Kilts are a traditional Celtic garment worn by men in Scotland and Ireland. Kilts are basically wrap-around knee-length skirts with pleats along the backside. Traditionally, kilts are made of tartan, a heavy and thick fabric with a checkered pattern resembling plaid. Moreover, traditional kilts are made of nine yards of fabric; some people say this is where the term "the whole nine yards" originated from. Modern, do-it-yourself kilts can be made using less fabric.
Purchase about 4 to 6 yards of tartan fabric depending on measurements of the person who will be wearing the kilt. A man with a larger waistline, like 50-55 inches, may need up to 8 yards. For a man with a 32-inch waist, use only 4 yards. Extra material is needed to make the pleats. Measure accurately down to the knees from the waist and around the waist and hips. The kilt should hit directly at the kneecap. Make sure to leave at least half an inch for the hem. Mark measurements with a fabric pen for future reference. Cut the fabric to measure.
Wrap the tartan around the clothes dummy, using pins to hold it in place. Make inch-wide pleats all along the back of the kilt. Hold the pleats in place with pins at the top and halfway down the bottom. To make a pleat: Mark the fabric to indicate the size and area of the pleats. The markings should be in two places: where you will pick up the fabric to fold it and where the pleat will end up after folding it. Make sure the measurements for all the pleats are equal.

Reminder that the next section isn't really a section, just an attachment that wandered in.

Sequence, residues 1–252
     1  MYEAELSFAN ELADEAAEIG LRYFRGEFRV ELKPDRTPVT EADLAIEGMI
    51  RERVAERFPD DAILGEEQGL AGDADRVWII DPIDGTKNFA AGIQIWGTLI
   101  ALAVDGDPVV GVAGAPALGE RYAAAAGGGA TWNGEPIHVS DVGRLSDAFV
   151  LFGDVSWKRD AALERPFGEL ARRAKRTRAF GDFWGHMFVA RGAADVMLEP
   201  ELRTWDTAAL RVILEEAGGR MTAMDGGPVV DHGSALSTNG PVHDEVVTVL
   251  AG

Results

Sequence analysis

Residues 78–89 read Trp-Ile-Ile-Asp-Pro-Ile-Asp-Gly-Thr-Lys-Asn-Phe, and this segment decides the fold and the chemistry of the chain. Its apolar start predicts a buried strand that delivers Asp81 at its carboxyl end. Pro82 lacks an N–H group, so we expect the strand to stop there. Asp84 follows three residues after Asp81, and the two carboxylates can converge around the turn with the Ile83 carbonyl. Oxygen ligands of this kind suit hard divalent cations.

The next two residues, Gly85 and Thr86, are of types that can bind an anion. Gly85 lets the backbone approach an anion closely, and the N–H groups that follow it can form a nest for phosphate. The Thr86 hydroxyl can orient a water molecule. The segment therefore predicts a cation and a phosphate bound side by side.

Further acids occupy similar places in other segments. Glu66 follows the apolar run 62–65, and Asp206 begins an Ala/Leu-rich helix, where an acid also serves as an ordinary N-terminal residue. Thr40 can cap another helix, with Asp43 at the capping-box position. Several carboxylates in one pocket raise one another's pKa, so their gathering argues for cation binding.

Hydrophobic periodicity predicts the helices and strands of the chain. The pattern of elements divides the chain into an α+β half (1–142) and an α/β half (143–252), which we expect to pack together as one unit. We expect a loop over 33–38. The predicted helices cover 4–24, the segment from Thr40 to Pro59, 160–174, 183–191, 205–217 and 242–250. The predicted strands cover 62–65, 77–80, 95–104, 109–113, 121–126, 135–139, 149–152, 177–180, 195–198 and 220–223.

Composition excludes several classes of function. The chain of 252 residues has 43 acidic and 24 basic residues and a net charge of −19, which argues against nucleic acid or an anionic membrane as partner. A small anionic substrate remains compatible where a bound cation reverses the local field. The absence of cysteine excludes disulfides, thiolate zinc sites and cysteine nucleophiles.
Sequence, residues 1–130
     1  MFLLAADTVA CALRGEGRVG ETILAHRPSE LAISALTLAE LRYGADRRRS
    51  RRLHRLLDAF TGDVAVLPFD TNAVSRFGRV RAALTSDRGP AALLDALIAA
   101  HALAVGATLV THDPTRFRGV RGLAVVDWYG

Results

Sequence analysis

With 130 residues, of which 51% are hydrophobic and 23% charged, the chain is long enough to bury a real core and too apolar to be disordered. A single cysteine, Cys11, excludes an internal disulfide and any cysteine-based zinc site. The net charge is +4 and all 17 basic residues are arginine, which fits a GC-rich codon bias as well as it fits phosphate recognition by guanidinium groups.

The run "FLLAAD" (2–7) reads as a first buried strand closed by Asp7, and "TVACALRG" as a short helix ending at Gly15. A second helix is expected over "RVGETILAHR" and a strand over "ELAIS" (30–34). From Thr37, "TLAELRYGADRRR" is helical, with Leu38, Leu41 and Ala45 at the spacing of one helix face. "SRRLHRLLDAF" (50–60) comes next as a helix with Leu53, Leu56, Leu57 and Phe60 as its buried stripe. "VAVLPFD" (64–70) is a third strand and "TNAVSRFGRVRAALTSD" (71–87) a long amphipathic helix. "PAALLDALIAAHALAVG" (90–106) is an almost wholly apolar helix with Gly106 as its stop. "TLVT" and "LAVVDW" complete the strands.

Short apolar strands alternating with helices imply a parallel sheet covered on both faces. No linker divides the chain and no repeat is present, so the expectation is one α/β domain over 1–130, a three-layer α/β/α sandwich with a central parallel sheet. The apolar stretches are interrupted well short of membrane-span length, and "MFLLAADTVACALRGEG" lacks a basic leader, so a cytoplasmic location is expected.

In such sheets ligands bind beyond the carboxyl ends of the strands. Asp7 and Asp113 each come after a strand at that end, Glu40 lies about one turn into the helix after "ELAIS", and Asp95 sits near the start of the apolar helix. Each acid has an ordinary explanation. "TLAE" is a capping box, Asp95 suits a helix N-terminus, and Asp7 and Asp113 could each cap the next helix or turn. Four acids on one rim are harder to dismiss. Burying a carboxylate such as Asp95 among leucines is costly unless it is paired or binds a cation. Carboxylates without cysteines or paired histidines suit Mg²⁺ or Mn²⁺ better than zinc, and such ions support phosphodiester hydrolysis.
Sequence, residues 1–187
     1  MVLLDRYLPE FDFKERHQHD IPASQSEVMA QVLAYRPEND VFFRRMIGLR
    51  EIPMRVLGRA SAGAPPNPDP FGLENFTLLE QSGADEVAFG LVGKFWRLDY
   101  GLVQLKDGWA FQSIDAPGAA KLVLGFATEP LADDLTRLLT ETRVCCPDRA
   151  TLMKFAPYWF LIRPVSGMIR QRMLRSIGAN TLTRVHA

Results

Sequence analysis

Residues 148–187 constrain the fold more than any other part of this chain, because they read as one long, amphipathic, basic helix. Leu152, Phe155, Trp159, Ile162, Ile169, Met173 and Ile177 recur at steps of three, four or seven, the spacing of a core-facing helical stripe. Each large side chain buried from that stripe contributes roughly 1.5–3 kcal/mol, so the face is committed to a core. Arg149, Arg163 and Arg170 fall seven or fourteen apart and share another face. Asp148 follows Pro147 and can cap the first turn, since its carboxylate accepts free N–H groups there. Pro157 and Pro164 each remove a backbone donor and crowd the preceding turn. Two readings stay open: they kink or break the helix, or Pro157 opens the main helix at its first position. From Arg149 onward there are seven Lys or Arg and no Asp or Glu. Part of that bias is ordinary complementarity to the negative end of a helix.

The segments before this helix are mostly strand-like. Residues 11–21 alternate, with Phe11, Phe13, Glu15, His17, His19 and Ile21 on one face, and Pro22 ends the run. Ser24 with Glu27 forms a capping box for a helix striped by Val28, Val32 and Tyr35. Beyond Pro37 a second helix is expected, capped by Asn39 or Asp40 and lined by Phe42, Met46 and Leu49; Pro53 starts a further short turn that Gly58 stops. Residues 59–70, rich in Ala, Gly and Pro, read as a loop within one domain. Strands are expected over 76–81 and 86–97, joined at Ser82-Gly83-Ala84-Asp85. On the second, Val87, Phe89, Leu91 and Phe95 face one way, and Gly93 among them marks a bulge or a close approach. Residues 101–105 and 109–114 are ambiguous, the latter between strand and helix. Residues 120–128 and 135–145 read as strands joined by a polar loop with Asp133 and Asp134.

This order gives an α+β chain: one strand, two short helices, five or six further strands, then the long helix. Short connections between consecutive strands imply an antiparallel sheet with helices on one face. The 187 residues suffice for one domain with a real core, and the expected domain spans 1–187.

Remove the kilt with the pins intact from the dummy. Sew the tops of the pleats down with a sewing machine, taking off the pins once the pleat is sewn. At this point, also sew inch-wide pleats at both sides and the bottom of the fabric. Cut off excess fabric.
Make the waistband from the spare tartan fabric. Choose enough fabric to go around the top of the kilt and cut a strip 4 inches wide. Fold it in half. Sew the bottom of the folded fabric to the top of the kilt from the inside. Then cut two 10-inch long, inch-wide strips of Velcro and sew onto the waistband where both ends of the kilt will meet.
Press the pleats with a hot iron. Place a slightly damp piece of cotton between the iron and the pleats to keep the pleats permanently in place.
Maggie Hira has been writing professionally since 2006. She has written for numerous websites and print publications, including "LA.Direct Magazine" and The Budget Fashionista. Hira holds a Bachelor of Arts in English from the University of California, Los Angeles.